That title sounds super-official, doesn’t it? Information marketer. It’s actually a lot less technical than it sounds. And I know a TON of people who do this to make earn extra money from home.
I know a woman who creates her own courses and information products. “What are information products?” you ask.
Here’s the deal with information products
Information products are typically teaching tools. Content marketers like me (that’s my official day job) create content for sales funnels to market these products. Those can range in price from $10 to more than $1,000 depending on the value of the information contained within the product.
Information products include courses, books, videos, podcasts, and membership websites. Good information products are very detailed. They usually provide step-by-step instructions for users to become educated in and take advantage of business opportunities.
Topics for information products can range from putting up a chicken coop to growing the largest tomatoes to launching a spa business. So… you shouldn’t be intimidated by the misconception that you may not be an expert. It’s like Seth Godin says, “Everybody’s an expert at something”.
The Information Marketer creates products for other marketers, but she also creates and markets her own information products based on her areas of expertise. Both avenues have proved lucrative or her. She works full time, researching hot topics and creating educational systems.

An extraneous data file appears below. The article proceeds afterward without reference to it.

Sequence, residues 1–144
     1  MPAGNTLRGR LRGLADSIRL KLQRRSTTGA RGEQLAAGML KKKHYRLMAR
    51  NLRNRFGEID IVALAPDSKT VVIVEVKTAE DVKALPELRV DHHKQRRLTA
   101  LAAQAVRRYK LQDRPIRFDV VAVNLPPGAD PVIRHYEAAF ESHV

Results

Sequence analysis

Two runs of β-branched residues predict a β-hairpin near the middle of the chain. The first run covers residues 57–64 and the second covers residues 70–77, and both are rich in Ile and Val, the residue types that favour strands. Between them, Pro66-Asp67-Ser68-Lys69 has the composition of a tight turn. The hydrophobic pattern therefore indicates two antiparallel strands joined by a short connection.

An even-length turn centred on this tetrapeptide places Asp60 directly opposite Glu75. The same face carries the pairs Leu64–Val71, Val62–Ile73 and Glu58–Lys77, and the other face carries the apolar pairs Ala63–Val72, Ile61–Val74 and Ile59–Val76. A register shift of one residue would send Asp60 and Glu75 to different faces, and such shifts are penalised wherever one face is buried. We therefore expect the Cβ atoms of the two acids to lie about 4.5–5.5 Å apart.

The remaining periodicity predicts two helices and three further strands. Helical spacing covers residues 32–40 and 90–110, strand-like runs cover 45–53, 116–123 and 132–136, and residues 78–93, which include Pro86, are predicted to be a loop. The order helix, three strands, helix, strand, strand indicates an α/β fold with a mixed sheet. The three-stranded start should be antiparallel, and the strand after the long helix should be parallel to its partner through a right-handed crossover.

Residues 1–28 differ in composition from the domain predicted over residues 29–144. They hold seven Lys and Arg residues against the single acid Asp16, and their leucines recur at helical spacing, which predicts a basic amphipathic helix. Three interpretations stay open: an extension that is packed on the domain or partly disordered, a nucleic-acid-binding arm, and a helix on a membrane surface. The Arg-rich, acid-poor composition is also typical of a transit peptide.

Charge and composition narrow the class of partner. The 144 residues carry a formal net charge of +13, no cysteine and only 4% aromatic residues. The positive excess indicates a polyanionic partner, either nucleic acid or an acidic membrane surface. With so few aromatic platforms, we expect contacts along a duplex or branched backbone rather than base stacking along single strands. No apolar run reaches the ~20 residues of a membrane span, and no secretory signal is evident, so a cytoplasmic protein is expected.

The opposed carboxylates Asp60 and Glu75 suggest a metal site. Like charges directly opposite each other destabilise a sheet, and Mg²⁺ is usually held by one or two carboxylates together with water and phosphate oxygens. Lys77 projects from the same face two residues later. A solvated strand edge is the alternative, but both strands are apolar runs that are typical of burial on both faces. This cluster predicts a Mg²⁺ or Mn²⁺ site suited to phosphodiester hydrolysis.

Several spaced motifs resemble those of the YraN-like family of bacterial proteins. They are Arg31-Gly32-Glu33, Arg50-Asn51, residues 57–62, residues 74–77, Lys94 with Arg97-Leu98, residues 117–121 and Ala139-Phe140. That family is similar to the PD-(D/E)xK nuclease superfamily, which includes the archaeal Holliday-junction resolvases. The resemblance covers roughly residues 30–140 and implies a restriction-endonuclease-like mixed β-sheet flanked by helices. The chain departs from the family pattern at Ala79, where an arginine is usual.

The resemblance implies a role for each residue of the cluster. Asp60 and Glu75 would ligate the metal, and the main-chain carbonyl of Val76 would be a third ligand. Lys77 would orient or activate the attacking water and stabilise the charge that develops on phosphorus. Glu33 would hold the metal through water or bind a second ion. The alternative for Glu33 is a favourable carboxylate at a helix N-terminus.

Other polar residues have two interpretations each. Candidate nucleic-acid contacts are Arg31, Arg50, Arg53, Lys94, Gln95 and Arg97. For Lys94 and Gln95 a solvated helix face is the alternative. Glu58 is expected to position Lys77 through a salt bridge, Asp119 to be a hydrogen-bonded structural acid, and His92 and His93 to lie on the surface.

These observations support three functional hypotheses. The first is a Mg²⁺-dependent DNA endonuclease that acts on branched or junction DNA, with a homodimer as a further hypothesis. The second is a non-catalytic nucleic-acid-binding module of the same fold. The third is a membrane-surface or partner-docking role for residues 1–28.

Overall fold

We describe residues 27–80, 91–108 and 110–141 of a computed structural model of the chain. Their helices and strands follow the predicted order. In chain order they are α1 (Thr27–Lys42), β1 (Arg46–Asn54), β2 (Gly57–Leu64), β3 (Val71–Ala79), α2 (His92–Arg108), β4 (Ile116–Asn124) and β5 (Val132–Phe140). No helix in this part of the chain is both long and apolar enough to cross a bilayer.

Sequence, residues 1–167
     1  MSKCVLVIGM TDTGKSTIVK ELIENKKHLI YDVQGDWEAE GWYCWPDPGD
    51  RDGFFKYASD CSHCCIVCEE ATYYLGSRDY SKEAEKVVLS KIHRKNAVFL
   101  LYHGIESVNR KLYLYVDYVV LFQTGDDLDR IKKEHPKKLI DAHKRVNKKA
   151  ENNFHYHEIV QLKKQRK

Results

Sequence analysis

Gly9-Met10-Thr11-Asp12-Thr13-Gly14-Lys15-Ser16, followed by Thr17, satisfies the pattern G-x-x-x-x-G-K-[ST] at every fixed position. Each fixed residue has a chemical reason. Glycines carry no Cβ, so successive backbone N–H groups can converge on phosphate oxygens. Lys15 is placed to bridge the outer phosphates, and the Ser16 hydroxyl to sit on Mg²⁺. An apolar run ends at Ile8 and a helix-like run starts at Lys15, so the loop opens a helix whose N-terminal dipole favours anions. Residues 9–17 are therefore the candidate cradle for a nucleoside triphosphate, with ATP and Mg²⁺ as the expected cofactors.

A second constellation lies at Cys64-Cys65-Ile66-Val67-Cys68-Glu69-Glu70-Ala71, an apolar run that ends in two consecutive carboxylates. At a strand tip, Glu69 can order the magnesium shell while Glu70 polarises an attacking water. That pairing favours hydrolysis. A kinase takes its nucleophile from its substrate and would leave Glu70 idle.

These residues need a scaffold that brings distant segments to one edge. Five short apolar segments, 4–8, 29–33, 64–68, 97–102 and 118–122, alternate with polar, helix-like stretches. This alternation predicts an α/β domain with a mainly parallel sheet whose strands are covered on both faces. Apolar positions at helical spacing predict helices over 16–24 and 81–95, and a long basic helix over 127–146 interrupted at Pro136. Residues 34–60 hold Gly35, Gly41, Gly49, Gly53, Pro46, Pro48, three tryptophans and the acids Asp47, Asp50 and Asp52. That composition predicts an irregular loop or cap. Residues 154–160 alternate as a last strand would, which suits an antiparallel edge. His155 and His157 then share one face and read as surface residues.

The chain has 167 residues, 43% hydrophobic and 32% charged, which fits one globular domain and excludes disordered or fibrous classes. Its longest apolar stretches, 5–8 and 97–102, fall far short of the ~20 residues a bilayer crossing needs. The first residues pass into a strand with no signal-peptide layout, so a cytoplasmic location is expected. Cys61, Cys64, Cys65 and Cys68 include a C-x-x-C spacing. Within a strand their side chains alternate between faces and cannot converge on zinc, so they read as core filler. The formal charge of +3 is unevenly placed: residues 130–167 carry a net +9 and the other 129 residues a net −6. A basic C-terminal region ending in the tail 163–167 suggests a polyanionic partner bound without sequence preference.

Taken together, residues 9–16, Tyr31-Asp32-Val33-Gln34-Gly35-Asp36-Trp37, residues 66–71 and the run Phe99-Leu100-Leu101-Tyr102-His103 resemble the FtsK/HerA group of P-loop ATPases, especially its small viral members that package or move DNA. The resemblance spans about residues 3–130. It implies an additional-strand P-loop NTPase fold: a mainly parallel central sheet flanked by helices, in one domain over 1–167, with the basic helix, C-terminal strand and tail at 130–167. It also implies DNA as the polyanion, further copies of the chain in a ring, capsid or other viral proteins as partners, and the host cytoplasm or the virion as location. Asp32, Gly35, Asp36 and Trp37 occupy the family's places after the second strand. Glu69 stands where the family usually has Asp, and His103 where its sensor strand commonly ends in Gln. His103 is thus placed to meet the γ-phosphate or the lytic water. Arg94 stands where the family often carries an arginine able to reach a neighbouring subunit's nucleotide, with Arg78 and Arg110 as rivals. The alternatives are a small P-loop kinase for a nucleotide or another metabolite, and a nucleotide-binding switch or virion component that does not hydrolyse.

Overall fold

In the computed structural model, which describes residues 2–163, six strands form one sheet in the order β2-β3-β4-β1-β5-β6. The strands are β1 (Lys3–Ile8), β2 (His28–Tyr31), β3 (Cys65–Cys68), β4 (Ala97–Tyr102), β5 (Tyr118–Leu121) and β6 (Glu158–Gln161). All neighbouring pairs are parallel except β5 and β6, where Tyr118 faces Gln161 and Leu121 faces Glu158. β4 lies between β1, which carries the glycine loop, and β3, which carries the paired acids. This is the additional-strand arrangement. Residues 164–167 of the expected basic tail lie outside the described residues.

Once completed, her products range in value from $67 to a few hundred dollars. They are intended for business people who are serious about learning a topic and applying what they learned. Employers who hire her to create information products for them can easily pay $50 to $100 per page of written content.
What you’ll need to earn extra money from home as an Information Marketer
Skills inventory: Research, creativity, organization of thoughts, academic or business writing, sales copywriting, discipline
Physical/virtual inventory: Computer, Internet connection, access to reference material either online or offline
Launch cost: If you have a computer and some legitimate knowledge, the launch cost is $0.
Marketing: Use Upwork.com, PeoplePerHour.com, Freelancer.com, Freelance.com, Guru.com and Fiverr.com to get work. I’m also a big fan of listing your business in business directories and website directories.
You can promote your expertise and your service in Facebook groups for experts and small businesses people (I got my last book client when I promoted a writing deal in a Facebook group for professional black women).
LinkedIn is also a really good option for you because you’ll be promoting to a college-educated community of business professionals. It’s also a really good place to start building authority, so you become “known for” whatever your thing is.
AND building your network on LinkedIn is A LOT simpler than it used to be. You don’t have to get recommendations, and the barrier that used to stop you from trying to connect with people after, like, the 10th person has been pushed to, like 75. Very good thing. And if your profile is professional and interesting, you’ll likely to get 30% to 50% follow-backs.
You can advertise on Craigslist or in local PennySavers. Blog regularly about your experiences and your expertise to help build your credibility. Doing this will also compel people to buy your information products.
Flipside… If you are interested in creating information products for others to own, build a portfolio of your work and become a staple of internet marketing blogs, forums and communities. You can market your own info products using pay-per-click advertising and by adding your product to the catalog of affiliate marketplaces.
If this is your thing… or it isn’t, you can check out my sorta massive list of home business ideas.